Several marketplace vendors offer products designed to deal with residency and regulatory concerns. Hewlett-Packard’s Converged Cloud, for example, can tie public, managed, and private cloud deployments into traditional IT infrastructures, which in turn are operated and controlled from a central point.
Vendors that focus heavily on cloud-security aspects include Voltage Security, which is noteworthy for helping Heartland Payment Systems develop E3, a payment system with end-to-end protection of cardholder data (and helps merchants remain outside of scope for PCI audits). E3 was developed after Heartland suffered a disastrous data breach, and uses Voltage’s SecureData and FPE (Format Preserving Encryption) technology.
There’s also CipherCloud, which focuses on the upper tier of the SMB (small- to midsize-business) market. Its security offerings work with Salesforce, Force.com, Amazon (EC2 &S3), Box.net, as well as GMail and Office 365 (via API). The main product on offer is the CipherCloud Gateway, which offers Tokenization and Function and Format Preserving encryption.
As most vendors correctly point out, the easiest way to deal with data centric regulatory requirements is to remove the data itself from scope. With HIPAA, for example, there are two ways to remove PHI from scope: tokenization and encryption. The same principle applies to PCI-DSS as well. If it is removed from scope, then data that is encrypted or tokenized isn’t governed by a regulatory rule.
This seems like a simple solution, but it’s not. Not everything can be taken out of scope and in some cases the difference between tokens and encryption is big one. In addition, organizations are under the false assumption that some methods of hashing count towards encryption efforts, which they certainly do not. Data protection is one of the key elements to residency and regulatory compliance, and we’ll explore that in the next section.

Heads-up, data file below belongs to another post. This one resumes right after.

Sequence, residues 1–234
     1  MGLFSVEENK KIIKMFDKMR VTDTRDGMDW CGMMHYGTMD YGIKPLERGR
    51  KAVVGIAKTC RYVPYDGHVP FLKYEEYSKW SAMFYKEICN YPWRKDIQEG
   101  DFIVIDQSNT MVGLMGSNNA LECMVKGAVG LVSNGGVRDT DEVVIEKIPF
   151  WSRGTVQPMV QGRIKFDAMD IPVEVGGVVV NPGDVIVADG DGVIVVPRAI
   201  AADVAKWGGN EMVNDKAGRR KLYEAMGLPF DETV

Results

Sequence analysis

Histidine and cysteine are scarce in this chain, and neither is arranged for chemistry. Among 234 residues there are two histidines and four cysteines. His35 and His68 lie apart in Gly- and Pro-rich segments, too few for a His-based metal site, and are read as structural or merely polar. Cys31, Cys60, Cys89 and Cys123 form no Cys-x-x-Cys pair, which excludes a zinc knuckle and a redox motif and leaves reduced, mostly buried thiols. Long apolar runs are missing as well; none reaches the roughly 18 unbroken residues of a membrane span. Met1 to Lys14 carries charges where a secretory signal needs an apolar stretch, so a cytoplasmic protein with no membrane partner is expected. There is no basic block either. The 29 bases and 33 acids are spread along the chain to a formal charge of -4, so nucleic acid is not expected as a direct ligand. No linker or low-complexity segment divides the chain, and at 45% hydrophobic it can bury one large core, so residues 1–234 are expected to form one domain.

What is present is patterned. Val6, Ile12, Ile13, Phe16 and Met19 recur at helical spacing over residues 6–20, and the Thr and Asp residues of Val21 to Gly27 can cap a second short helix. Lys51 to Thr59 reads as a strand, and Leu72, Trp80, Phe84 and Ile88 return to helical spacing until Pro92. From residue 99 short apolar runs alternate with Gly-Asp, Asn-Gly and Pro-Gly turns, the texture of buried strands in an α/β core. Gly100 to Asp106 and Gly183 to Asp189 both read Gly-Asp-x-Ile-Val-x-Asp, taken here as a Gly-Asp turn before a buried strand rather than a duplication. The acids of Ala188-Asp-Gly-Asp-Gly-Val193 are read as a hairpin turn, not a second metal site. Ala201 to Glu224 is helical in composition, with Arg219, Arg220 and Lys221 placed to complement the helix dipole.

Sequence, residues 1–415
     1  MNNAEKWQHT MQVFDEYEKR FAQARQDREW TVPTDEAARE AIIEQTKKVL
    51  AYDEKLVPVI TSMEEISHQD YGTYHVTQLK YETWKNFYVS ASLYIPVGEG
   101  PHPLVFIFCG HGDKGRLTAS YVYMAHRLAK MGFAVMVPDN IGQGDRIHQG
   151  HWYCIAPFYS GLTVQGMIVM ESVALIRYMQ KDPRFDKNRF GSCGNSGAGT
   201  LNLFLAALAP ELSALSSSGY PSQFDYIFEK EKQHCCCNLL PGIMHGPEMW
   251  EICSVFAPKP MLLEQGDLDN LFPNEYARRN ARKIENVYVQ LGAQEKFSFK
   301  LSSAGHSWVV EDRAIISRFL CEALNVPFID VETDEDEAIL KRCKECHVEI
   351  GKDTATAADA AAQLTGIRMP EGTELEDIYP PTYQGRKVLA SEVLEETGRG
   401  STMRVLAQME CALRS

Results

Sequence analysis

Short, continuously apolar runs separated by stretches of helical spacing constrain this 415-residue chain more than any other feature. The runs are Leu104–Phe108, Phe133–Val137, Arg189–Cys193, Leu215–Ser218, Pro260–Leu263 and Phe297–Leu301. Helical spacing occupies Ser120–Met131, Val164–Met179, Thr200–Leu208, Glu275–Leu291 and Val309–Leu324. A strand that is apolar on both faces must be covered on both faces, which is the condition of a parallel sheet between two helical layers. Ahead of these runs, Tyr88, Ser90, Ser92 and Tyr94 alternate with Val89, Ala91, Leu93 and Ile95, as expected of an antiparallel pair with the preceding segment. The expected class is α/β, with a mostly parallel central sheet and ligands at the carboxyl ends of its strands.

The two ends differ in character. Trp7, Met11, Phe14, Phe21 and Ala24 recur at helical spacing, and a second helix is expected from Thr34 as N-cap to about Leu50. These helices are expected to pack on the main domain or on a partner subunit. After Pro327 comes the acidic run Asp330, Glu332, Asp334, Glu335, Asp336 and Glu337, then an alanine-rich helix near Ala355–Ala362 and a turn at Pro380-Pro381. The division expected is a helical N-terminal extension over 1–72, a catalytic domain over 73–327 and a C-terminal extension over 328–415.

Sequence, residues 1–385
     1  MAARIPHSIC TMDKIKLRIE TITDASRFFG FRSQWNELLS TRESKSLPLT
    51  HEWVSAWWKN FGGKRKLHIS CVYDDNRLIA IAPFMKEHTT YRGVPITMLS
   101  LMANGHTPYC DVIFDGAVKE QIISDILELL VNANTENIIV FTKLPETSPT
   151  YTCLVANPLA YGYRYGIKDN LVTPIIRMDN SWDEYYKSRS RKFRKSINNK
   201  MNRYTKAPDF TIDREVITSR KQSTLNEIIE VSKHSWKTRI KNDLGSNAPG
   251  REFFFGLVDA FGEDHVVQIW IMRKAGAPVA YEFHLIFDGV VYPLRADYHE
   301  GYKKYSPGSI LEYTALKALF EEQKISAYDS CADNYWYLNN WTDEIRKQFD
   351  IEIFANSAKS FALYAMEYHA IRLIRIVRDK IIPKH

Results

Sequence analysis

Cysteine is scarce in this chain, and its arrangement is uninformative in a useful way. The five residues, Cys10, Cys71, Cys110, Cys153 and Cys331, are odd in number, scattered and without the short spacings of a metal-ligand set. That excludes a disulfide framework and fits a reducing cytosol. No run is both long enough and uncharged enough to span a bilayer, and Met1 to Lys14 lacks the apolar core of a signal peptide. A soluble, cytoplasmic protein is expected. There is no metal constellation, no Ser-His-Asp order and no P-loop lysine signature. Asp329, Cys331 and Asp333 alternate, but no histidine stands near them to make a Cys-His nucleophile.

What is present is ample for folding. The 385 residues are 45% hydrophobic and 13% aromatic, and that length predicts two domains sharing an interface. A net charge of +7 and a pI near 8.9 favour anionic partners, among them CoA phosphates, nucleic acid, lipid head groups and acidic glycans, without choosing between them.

As mentioned, dealing with residency issues within the cloud often means encrypting data. Yet even if residency issues do not exist, data needs to be protected at all costs. A recent study from Symantec (PDF) suggests that digital assets (data in all of its various types and levels of sensitivity) account for half of an organization’s value. On average, an SMB has about 563TB of it, while an enterprise has 90 petabytes or more.
All of this data needs to be accounted for and protected. The go-to method is naturally some level of encryption—and that’s where things can get messy.
“There is almost a mysticism that surrounds data encryption. Very few people can wrap their heads around the math that makes crypto do its thing,” said Josh Shaul, CTO of Application Security Inc. and author of one of the most widely referenced books on Oracle security.
When it comes to data encryption, there’s plenty of published research on cryptology and implementation methods. That’s led to the widespread belief that, if data is encrypted, then it must be protected. But as attackers get more creative, most administrators don’t realize something is broken until it’s too late. As a result, corporate data can end up stolen and published to the Web.
But it takes a whole lot more than a solid cryptographic algorithm to make a crypto system provide security, Shaul added. For example, consider key management. If an organization isn’t protecting its encryption keys, then even the strongest algorithm can be rendered worthless. Another problem in data encryption is the perception that it’s hard to implement.
“Ask almost anyone on the operations side of the IT shop, and they’ll tell you that encryption slows application and database performance, causes delays in development and testing, and can put SLAs for critical applications at risk… But the truth is, for many of them, their views on crypto were built through (painful) experience,” he said.
Most of this pain comes from the poor understanding of when and how to deploy encryption, and Shaul freely admits that some less-than-great products built on this mindset have shipped to market in the past. Ironically, perception issues can lead to inconsistent or non-existent deployment of protection.
In Shaul’s opinion, this explains why attackers have been so successful in hijacking sensitive data from organizations. Many of those victims spent years building up endpoint protection in the form of firewalls and IDS/IPS systems. These technologies have their place, and offer a tremendous value as a layer or protection, but that’s all: they’re just a layer.
“To solve this problem, we need to take a different approach,” he said. “We’ve got to stop chasing our tail in the never-ending battle to protect the network perimeter. I’m not advocating dumping the firewalls or AV—it’s just time to move the focus to the stuff that really matters: the systems that store and process our most sensitive data.”